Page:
Review: The Little Friend | A Portrait of Tartt’s Mississippi

Title: The Little Friend

Author: Donna Tartt

Publisher: Alfred A. Knopf

Publication Date: October 22, 2002

Rating: 4 Stars

Dear fellow Babblers,

I recently finished The Little Friend and though I’ve had nothing but the very best to say about Tartt thus far through my previous post (How to Review a quasi Proustian Novel: Donna Tartt’s The Goldfinch) as well as the comments I’ve been leaving all over other book reviewer’s posts about The Goldfinch and The Secret History, I can’t say the same will be done with The Little Friend in terms of narrative. BUT I stand by my theory of Tartt’s utterly vivid descriptive style that sweeps us into an imaginatively evocative world that we would otherwise have no access to.
So… rather than feed y’all some lengthy review recounting the numerous plot turns (dare I call them disappointing?) and sporadic alterations of focalizers (dare I call the shifts confusing?) that occur in this 555-page world, I figured I would instead paint you a panorama of the stiflingly idle and overbearingly tainted Alexandria, Mississippi where the story unfolds… 

Goodreads Review:

Bestselling author Donna Tartt returns with a grandly ambitious and utterly riveting novel of childhood, innocence and evil.

The setting is Alexandria, Mississippi, where one Mother’s Day a little boy named Robin Cleve Dufresnes was found hanging from a tree in his parents’ yard. Twelve years later Robin’s murder is still unsolved and his family remains devastated. So it is that Robin’s sister Harriet – unnervingly bright, insufferably determined, and unduly influenced by the fiction of Kipling and Robert Louis Stevenson–sets out to unmask his killer. Aided only by her worshipful friend Hely, Harriet crosses her town’s rigid lines of race and caste and burrows deep into her family’s history of loss.


A thirteen-year-old unruly girl, Harriet pursues the perpetrators responsible for her brother, Robin’s murder taking place twelve years prior when Harriet was just a baby. This Mississippi is hot, monotonous and streaming with racism, Sunday school and underground crime. Children spend their summers at Baptist camps, daylight hours are spent gazing out curtained windows listening to the obnoxius voice of the gameshow host on television, and nights are spent with a pint of peppermint ice cream and an overdue library book abandoned on the front porch. The lord is praised for right, the lord is praised for wrong, the lord is praised for right and wrong to come. Blacks are paid 25 dollars a week for sweat and labor. Blacks are shot at across the river. Blacks are accused and persecuted under the rightful and superior hand of whites. In this Mississippi only one train enters the Alexandria station: 7:14 am, and only one train leaves the Alexandria station: 8:47 pm. Overbearing grandmothers drive into highway ditches and ancient aunts protect against foul mouths and inappropriate non-christian behavior of the little ones. Snakes are feared and tantalized. 5-foot-long king cobra’s imported from a mysterious landscape in the far reaches of India are stolen by children and carried off in a wagon, and ultimately thrown over the county’s overpass with only one victim in mind: Daniel Ratliff, but as luck has it, the frail and shabby grandma Gem is instead the victim of this snake attack. In this Mississippi drugs are grown and consumed behind trailer homes on the far reaches of town. Powerful hands get away with murder and tattooed hooligans receive signs from God and become preachers in the street. In the hazy and dreary dust of Alexandria inhabitants wait all through the boring waking hours for peaceful exuberance promised in sleeping dreams…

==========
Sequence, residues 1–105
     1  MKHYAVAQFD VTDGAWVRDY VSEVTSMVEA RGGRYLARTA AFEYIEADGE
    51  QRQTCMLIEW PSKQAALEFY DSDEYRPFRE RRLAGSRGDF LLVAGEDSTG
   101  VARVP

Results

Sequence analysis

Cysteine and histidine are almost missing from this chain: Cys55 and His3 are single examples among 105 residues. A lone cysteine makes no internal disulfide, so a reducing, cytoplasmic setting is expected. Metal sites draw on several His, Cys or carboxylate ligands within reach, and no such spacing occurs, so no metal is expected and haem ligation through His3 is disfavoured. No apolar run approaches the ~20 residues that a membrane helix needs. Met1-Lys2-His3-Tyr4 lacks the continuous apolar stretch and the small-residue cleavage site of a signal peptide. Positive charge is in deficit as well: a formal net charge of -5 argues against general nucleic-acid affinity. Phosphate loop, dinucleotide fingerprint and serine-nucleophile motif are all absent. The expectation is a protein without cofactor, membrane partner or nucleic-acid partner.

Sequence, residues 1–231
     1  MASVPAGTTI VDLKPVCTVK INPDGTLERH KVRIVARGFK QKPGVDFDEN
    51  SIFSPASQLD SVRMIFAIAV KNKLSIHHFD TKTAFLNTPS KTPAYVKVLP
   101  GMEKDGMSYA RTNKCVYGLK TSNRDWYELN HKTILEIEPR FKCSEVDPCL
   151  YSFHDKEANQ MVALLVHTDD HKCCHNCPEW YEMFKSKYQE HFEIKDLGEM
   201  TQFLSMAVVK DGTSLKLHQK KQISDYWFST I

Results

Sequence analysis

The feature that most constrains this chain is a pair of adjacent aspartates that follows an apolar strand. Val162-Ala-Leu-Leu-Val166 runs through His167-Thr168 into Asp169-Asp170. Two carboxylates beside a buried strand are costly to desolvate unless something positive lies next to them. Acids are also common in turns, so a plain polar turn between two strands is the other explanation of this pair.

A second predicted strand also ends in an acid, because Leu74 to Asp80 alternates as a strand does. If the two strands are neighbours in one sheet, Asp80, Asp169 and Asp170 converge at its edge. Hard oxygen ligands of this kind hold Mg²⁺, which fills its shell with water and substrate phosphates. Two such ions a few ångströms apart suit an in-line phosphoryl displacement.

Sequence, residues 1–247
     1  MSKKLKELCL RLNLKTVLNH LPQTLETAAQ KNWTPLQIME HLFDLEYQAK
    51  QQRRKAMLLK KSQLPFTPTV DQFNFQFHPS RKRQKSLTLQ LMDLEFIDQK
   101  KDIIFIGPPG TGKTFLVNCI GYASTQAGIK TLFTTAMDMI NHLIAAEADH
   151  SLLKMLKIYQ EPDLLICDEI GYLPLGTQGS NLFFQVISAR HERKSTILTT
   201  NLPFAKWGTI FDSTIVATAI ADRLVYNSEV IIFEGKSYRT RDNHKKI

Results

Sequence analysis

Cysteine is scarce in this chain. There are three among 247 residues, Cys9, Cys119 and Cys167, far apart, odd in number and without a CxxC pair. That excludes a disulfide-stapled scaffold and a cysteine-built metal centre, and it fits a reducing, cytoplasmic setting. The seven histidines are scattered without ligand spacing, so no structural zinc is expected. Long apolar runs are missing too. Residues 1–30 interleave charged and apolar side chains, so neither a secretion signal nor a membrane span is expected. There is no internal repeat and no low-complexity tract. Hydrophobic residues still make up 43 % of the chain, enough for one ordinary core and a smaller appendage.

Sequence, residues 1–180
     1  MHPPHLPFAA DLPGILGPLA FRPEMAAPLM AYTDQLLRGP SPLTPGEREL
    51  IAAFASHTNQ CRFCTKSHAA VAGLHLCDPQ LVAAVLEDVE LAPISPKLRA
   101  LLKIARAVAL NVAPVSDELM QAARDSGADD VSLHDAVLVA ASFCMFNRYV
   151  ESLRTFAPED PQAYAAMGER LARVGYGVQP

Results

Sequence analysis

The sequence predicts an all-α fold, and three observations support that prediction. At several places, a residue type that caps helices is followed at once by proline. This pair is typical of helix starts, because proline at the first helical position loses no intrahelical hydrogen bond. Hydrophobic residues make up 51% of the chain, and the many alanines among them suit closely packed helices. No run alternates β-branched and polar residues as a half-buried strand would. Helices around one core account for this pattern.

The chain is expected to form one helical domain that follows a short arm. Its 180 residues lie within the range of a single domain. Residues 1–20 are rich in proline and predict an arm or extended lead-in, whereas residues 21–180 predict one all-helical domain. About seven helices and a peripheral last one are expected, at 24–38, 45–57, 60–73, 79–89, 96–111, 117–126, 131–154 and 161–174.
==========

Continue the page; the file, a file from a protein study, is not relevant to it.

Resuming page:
The hunt and revenge of Robin’s murder happens somewhere within the hodgepodge of elaborately atmospheric imagery that penetrates The Little Friend. I don’t know about you guys, but the plot itself (a semi-murder mystery that is pursued by a spunky, tom-boyish gal and her perhaps too-romantic buddy) and its characters made me feel stuck somewhere in between To Kill a Mockingbird and The Adventures of Huckleberry Finn. If it wasn’t for Tartt’s prolific use of language and illustrative descriptions of Alexandria, Mississippi, I’m not so sure The Little Friend could be saved… *tear*tear*

Yours Truly, 


Comments? Ideas? Thoughts? Tell me whatcha think!

(Book image credits go to Google).

2 thoughts on “Review: The Little Friend | A Portrait of Tartt’s Mississippi

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